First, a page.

It seems that I am possibly in the most temperate part of the US at the moment.  The Weather Channel over the past week has shown nothing but  unusual extremes of weather for most of the country:  snow in California, rain in Florida.  I experienced incredibly strong winds last Tuesday for the 69 miles between Fort Hancock and Van Horn.  Cycling was just about manageable when the 40 mph wind was directly behind me, but mostly it was slightly one side or the other and, when it gusted 50-60, it took some controlling in order not end up on the main carriageway.  Suffice to say, I made it in one piece, but no way would I be camping in such conditions!  Since then, there have been no strong winds, but it has been very cold in the mornings until midday.

I have had a cold for the last 4 days, but, as usual, something good turns up:  I arrived in the, apparently, sleepy little town of Marfa on Wednesday night and, to cut a long story short, instead of ending up camping in one of the 2 little parks there, I was put up in a little house in the back garden of a guy, Gary, who offers hospitality to passing cyclists, feeds them delicious vegan food and gives them cartoon Christmas cards!!  Marfa itelf turns out to be a famous place, often being interviewed by the New York Times.  It has seen anti-nuclear activism and  has developed into a main player for a centre for contemporary conceptual art.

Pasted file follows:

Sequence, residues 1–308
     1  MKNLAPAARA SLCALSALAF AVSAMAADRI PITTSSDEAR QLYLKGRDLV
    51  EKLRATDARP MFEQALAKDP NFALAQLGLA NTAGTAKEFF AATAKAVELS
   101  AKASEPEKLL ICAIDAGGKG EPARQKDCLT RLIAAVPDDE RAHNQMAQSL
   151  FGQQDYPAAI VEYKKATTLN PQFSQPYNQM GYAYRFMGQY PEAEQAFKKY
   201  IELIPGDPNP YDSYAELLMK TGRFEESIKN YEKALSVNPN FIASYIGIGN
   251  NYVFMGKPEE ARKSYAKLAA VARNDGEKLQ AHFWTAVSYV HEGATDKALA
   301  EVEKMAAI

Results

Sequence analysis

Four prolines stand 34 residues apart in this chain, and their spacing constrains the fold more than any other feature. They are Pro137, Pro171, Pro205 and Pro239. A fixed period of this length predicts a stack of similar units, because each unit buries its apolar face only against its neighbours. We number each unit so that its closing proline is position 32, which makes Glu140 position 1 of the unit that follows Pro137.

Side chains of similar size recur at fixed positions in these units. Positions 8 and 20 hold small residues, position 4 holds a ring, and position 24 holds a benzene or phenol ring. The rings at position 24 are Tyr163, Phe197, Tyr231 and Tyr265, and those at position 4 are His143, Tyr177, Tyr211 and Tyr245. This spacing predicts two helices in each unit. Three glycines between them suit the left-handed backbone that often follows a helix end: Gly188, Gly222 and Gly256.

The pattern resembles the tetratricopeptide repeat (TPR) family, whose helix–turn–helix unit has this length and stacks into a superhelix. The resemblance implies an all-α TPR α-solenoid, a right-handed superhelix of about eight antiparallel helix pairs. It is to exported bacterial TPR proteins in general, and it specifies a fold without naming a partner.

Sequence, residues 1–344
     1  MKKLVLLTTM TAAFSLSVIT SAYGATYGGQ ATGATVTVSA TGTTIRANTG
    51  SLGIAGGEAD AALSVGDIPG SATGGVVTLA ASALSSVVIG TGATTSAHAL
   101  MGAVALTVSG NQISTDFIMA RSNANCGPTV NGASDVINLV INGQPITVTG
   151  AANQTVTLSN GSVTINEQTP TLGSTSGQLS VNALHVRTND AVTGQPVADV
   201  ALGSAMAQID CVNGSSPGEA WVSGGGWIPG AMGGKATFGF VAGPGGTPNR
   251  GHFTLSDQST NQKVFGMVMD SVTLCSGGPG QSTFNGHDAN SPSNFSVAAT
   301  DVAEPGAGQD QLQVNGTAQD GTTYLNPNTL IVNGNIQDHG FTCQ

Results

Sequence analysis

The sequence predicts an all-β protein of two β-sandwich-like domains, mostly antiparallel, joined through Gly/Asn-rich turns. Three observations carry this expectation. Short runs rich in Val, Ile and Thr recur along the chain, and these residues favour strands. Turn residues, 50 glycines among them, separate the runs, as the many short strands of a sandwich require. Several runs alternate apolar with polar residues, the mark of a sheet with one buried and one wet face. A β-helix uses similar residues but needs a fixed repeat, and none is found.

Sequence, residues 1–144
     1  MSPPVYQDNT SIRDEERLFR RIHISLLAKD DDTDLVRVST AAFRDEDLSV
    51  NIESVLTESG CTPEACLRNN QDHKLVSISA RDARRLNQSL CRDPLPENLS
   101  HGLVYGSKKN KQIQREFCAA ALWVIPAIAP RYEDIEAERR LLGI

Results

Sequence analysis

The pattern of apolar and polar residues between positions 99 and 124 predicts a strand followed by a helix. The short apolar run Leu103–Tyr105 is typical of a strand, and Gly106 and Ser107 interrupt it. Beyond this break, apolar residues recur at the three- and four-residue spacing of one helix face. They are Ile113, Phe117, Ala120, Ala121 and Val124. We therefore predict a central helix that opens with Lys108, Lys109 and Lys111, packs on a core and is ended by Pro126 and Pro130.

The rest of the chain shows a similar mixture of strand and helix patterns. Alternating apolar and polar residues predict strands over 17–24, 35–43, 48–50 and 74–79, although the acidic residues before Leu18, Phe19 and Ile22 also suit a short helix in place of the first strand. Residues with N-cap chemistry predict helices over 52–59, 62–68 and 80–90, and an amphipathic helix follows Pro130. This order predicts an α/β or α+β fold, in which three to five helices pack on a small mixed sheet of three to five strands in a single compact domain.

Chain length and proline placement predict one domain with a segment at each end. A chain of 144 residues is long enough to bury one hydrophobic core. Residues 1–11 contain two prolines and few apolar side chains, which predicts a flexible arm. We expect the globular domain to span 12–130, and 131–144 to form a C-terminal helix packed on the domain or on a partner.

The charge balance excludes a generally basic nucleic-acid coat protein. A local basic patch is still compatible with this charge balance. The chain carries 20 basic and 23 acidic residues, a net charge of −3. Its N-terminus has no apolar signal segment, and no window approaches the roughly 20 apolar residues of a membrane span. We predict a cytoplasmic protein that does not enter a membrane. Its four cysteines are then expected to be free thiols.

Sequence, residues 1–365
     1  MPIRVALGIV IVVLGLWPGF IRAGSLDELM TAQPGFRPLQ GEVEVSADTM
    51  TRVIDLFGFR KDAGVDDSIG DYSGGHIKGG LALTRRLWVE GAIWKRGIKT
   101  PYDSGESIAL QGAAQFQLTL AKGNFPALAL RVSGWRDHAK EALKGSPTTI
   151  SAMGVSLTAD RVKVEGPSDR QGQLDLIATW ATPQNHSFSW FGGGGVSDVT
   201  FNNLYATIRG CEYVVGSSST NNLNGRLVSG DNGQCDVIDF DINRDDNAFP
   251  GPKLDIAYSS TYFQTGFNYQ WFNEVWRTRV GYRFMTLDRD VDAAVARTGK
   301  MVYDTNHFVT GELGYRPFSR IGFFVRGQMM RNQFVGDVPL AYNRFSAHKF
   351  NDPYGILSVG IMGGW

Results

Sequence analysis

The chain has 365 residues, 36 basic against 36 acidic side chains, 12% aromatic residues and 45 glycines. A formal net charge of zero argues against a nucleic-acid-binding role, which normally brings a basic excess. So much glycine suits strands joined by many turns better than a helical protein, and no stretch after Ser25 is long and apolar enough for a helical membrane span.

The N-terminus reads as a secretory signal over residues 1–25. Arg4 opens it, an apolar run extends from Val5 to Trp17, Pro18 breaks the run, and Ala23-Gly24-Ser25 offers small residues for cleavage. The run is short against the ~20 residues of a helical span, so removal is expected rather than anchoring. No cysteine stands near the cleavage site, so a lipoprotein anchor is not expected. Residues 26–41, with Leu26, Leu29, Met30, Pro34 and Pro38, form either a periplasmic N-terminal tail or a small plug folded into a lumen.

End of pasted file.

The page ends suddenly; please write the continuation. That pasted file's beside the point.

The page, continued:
Next town, Alpine, sees me holed up with the vivacious Liz, who also offers hospitality to cyclists (she's on the warmshowers list) and in whose home I am sleeping/sitting out my cold, entrusting a complete stranger whilst she goes away for the weekend!  Neighbours have invited me to  cocktail party and to lunch and to view their contemporarily-designed adobe house.  Alpine is quite an arty town, more so in the traditional style than modern Marfa.